- Multichannel protocols: Multimedia applications built on protocols such as FTP, SIP, and H.323, which use multiple channels to separate signaling and media, often exchange addresses in the signaling payloads. There are workarounds, generally application-level gateways, which are protocol-aware filters running in the NAT. These techniques generally require more powerful and expensive NATs that can perform deep packet inspection.
- Hosts not knowing addresses: NATs prevent hosts from reliably knowing their own addresses as viewed from outside the NAT. Even if they knew their own addresses, they would not know in which contexts those addresses were valid.
- IPsec woes: IPsec encrypts the entire packet contents, including Layer 3 and 4 headers, in order to make them opaque to whomever is sniffing the wire. There are techniques, even standards, for surmounting the problem, but they all add complexity and weaken protection.
- X Windows: The X Windowing system (colloquially known just as "X") is the windowing UI system for the Unix world. It has a strange architecture in which the client system at which the human user sits and works is the "server" because it serves its user interface, while the computer on which the programs run, probably a server in the conventional sense, is the "client." Because the design is backward, the connection needs to be backward, from client to server. The usual way to work around this is to tunnel the connection through SSH.
- SNMP: Simple Network Management Protocol, the Internet standard for monitoring and management of devices on IP networks, needs to address those devices directly, as you might assume, and initiate communications with them. Depending on how the network monitor and monitored device are connected, there are ways to set up a gateway proxy to deliver SNMP traps. The device sees the traps as coming from the gateway and has no real way of knowing where they came from.
The bottom line in almost all of these cases is that you can make them work, sort of, if you punch holes in firewalls and other security barriers, limit functionality, or set up a tunnel that creates more complexity.
And then there's reliability
NATs also introduce an element of unreliability. It’s hard to design redundancy into NATs, as the state of the NAT table is central to the function. If the NAT goes down, the hosts are unreachable.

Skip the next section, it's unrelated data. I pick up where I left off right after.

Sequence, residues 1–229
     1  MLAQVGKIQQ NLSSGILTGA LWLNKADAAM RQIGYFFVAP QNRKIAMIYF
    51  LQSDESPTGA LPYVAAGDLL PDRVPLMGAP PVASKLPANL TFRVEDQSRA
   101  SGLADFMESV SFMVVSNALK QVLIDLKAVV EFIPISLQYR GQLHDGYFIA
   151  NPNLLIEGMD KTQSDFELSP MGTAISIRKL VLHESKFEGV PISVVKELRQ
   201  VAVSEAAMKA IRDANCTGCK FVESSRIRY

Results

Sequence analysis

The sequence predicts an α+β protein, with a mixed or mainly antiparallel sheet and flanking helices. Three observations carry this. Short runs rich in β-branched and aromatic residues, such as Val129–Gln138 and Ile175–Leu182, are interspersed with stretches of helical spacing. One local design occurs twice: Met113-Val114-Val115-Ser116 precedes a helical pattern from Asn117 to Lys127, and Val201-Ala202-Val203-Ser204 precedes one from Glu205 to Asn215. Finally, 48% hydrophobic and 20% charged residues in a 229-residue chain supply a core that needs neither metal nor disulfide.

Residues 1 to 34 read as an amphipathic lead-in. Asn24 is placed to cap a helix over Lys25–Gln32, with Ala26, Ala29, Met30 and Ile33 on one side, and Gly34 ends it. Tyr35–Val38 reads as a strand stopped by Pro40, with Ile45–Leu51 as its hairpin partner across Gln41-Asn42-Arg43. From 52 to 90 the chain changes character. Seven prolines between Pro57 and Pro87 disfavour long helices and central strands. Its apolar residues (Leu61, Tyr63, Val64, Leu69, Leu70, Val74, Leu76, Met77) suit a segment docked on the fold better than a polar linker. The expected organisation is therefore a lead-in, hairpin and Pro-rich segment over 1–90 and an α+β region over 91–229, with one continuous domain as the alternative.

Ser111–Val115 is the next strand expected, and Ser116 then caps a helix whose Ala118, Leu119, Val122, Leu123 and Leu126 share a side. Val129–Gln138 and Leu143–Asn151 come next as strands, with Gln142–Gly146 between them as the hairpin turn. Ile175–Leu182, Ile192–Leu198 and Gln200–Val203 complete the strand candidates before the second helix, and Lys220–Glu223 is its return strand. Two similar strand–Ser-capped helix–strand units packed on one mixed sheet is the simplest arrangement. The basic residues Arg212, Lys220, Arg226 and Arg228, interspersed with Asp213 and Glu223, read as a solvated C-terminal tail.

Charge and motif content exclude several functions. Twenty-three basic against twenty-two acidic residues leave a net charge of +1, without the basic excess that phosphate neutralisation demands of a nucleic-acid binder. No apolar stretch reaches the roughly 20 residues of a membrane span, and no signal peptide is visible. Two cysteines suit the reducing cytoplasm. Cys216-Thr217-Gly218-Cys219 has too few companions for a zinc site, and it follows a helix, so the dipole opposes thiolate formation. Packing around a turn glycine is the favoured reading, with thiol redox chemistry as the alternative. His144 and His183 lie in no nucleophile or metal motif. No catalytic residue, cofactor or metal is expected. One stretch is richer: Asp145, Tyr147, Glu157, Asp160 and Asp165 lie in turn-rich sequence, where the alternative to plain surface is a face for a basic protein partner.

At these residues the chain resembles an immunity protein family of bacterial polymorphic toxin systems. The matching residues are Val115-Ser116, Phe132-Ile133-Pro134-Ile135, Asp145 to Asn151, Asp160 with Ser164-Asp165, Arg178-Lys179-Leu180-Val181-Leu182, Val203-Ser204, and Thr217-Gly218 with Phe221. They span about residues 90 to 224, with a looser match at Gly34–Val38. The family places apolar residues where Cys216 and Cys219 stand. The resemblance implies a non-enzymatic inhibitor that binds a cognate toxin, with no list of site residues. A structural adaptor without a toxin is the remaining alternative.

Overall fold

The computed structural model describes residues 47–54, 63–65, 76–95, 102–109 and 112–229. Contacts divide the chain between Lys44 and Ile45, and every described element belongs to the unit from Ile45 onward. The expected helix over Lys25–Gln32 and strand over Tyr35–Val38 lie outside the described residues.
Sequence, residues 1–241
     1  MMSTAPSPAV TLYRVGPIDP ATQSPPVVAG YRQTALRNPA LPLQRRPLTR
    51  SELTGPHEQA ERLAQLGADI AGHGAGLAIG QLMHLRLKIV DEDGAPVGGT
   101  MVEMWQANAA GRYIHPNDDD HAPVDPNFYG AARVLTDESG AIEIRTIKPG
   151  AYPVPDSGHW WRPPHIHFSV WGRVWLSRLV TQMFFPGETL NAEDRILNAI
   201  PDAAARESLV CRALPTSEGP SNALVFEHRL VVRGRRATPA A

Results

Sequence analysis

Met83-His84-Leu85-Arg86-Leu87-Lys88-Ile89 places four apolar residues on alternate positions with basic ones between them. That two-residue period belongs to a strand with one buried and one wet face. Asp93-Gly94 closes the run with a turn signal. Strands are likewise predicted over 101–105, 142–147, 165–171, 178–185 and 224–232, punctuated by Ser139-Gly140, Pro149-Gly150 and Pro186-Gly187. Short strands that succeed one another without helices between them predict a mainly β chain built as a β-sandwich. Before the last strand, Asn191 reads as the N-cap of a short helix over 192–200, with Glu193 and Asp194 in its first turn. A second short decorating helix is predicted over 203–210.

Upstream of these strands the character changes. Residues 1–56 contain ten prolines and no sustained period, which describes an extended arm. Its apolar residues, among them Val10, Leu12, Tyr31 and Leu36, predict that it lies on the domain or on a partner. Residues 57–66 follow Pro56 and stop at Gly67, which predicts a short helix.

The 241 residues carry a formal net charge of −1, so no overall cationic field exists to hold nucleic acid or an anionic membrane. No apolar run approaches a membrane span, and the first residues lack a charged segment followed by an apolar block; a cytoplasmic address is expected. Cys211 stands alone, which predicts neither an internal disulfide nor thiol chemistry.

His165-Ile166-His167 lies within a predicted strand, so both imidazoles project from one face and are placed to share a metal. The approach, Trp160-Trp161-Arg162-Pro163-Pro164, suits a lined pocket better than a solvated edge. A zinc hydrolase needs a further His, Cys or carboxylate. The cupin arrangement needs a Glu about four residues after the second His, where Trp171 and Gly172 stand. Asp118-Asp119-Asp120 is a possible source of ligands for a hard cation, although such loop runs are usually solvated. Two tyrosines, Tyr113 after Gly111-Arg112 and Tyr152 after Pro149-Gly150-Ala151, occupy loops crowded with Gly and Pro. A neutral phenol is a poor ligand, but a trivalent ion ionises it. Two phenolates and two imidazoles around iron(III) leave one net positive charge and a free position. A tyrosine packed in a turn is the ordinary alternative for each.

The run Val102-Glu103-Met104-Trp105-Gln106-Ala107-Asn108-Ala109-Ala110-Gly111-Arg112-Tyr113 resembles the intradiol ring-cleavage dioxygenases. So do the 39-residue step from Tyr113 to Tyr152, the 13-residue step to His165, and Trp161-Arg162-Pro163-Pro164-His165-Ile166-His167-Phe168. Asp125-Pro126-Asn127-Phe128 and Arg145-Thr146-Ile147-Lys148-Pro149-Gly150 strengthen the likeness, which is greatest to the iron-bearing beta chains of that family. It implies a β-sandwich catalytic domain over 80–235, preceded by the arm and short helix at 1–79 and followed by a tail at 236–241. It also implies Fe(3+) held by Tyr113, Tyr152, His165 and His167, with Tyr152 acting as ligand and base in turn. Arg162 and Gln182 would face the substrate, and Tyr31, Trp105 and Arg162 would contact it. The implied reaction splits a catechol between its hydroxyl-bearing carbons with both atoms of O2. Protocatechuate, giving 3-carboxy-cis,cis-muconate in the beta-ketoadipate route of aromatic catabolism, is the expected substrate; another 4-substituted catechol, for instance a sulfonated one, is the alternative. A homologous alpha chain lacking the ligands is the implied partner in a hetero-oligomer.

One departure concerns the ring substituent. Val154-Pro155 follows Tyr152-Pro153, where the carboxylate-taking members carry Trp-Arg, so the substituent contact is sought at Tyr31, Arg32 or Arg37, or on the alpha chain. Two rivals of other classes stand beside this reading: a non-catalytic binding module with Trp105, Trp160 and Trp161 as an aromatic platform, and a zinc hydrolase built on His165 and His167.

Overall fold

It’s no surprise that enterprises of any real complexity retain many functions on in-house systems. The problem is not so much the outsourced and public nature of public clouds as cloud architecture itself and address depletion.
It’s tempting to think that fully qualified domain names (which directly correspond to a system, even one behind a NAT) are an effective architectural substitute for raw IP addresses, but this is often not the case. Many sites don’t maintain DNS for local hosts. Many hosts don’t even know their own DNS names. Maintaining an accurate, high-performing DNS is hard. Fundamentally, DNS is not as reliable as IP routing. In the real world, DNS lookups can slow things down; it’s often faster and easier not to bother with it.
Public clouds can mitigate some of these problems with virtual private clouds, which allow customers to use the cloud provider’s systems but run a portion of the network in their own address space and under their complete management. IT can continue to use its own management tools and procedures. It’s far less disruptive and closer to what they know works.
There is also some benefit to taking systems running on conventional architectures in conventional data centers and running them instead in a public cloud. But the advantage is not as profound as the true cloud architecture, running on the cloud services that the public clouds offer. Hybrid IT configurations that allow the user to mix on-prem and cloud solutions can also provide more control over addressing and NAT issues.
The answer in the long run is, of course, an Internet and marketplace where customers can assume full IPv6 support. In such a computing environment, any system could address any other, although we’d still have firewalls and other safeguards to control who actually gets in and out of networks and systems. We can expect things to work better because it all will be simpler.
IPv6 and the cloud: Lessons for leaders
- Confirm that your IPv6 architecture will work with your selected cloud services before adding cloud services to your infrastructure.
- Make sure that applications within the existing infrastructure can access cloud services.
- Consider a hybrid infrastructure to get maximum flexibility and value.
This article/content was written by the individual writer identified and does not necessarily reflect the view of Hewlett Packard Enterprise Company.